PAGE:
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The editors at Human Resources MBA Degree Guide decided to research the topic of:
Work After Baby
62% of American women are employed after childbirth
- 65.9% of women report working through their pregnancy
- 70.6% take maternity leave
- 29.4% of women do not take any maternity leave at all.
Employers are not required to pay women on maternity leave
- This is 100% up to the employer and not mandated by the US government
- 33.1% do not have any portion of their leave paid
- only 24.9% report being paid for 2+ months
The US is one of three countries that does not offer paid maternity leave benefits.
- The other two countries are Papua New Guinea and Swaziland paid/compensated leave:
- Pakistan- up to 12 weeks
- France- up to 16 weeks
- Norway- up to 44 weeks
- Canada- up to 50 weeks
- US- 0 weeks
Under the Family and Medical Leave Act, American mothers are offered 12 weeks of unpaid leave and only for companies with over 50 employees.
- 11% of private sector workers and
- 17% of public workers reported that they had access to paid maternity
- 42% of the population is not eligible for leave under FMLA
A 2011 study published by the Journal of Family Psychology looked at 1300 mothers in the US. Of the working moms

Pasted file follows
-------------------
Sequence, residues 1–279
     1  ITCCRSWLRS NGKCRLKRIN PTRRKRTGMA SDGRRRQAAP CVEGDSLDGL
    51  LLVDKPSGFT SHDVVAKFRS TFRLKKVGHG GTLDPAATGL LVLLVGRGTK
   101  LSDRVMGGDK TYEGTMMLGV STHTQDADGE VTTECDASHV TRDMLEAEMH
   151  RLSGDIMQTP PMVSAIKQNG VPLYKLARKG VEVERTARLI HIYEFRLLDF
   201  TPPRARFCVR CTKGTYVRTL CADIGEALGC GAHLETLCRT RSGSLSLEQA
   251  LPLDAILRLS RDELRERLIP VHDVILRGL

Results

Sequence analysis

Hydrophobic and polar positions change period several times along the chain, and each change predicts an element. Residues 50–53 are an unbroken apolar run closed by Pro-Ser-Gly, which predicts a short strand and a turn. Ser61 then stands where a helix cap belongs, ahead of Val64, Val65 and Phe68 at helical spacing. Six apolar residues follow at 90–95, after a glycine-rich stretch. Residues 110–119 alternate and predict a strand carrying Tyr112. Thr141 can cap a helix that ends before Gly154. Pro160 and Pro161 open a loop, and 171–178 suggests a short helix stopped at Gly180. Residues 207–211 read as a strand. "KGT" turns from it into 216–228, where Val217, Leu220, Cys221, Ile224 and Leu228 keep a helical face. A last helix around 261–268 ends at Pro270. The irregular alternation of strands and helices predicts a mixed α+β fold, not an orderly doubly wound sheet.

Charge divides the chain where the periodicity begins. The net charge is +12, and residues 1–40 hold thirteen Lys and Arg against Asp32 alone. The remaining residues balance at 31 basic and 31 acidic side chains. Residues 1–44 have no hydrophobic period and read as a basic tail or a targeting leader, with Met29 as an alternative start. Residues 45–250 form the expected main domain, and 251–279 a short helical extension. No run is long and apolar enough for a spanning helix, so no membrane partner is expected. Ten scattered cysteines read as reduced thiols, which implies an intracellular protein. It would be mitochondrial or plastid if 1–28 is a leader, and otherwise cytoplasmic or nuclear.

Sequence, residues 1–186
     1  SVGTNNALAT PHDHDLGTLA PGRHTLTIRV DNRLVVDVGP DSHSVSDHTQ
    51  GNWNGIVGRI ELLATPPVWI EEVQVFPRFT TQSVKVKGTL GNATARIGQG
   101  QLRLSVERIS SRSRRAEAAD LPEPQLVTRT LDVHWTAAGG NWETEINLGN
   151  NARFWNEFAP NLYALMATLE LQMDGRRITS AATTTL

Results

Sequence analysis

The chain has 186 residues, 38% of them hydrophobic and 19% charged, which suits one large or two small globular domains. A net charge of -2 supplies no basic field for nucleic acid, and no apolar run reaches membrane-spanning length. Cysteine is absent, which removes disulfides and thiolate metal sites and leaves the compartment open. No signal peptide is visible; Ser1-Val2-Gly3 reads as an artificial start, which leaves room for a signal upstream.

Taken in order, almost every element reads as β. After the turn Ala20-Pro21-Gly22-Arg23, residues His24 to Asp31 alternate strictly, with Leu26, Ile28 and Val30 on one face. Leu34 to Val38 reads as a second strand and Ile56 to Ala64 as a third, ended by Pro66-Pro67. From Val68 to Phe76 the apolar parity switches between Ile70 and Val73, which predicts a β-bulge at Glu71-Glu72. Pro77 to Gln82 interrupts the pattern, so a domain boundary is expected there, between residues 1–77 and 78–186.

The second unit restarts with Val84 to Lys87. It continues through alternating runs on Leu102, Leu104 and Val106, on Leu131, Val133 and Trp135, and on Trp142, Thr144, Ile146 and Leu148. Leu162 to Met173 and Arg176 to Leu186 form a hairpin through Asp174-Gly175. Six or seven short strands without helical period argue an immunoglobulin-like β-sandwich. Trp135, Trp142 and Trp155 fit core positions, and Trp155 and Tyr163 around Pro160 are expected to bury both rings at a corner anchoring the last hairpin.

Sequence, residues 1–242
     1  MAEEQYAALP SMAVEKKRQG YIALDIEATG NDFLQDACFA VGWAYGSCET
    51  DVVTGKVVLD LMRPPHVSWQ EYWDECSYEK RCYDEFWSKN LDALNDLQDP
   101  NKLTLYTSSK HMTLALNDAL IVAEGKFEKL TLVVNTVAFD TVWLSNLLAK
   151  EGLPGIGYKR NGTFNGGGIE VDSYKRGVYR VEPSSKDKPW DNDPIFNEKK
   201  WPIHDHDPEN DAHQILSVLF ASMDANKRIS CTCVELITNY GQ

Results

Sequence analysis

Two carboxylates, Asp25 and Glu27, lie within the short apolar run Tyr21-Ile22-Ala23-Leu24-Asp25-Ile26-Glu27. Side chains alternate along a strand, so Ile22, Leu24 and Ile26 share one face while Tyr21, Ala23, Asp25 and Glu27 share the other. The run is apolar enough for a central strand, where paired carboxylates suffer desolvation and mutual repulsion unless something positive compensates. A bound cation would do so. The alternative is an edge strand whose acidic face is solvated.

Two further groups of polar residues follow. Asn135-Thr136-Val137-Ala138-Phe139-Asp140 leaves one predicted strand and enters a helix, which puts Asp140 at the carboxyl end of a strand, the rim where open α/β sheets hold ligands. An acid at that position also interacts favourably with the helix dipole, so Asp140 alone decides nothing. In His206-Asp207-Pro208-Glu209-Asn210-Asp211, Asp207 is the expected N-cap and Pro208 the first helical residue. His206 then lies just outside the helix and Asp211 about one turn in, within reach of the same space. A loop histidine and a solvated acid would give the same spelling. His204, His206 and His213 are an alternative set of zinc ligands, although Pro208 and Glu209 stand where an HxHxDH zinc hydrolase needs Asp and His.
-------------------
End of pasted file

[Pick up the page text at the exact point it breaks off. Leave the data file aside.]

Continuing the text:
- fewer reported symptoms of depression
- working moms were more likely to rate their overall health "excellent"
- working mothers also reported being just as involved in their child's schooling and development
Many stay-at-home moms who have left the workplace to care for their child report feeling
- guilty or selfish for wanting to get back to work
- not cut out for motherhood
- resentment for spouse and/or baby for "taking their work from them"
- "I blamed myself for not instantly loving all the parts of motherhood." -New stay-at-home mom after her first child
The choice for mothers to work or not should be up to the individual.
- Works like any other daycare, but on the office's campus. During breaks, parents may come down and spend time with their children
- improves employee morale
- lowers absenteeism
- decreases turnover
- improves productivity and focus for parents, knowing their children are closeby
- women who take shorter maternity leaves can still breastfeed their babies
More than 80 companies across the US now allow babies in their offices.
The T3 advertising firm in Austin actually allows new moms and dads to bring their babies to work.
- 50 babies have spent their infancy beside mom or dad in the office in 2008
- new parents are offered private offices
- allowed to bring them every day until the child is mobile
The number of companies allowing babies in the office has jumped from 22% to 29% between 2006 and 2009
However, many people are skeptical for obvious reasons
- for parents who just want to spend time with their baby rather than work
- for coworkers who would do the same
- and especially coworkers who are unhappy because of a gurgling baby in the background
- meetings and business trips can be compromised
- some people have no heart and don't like babies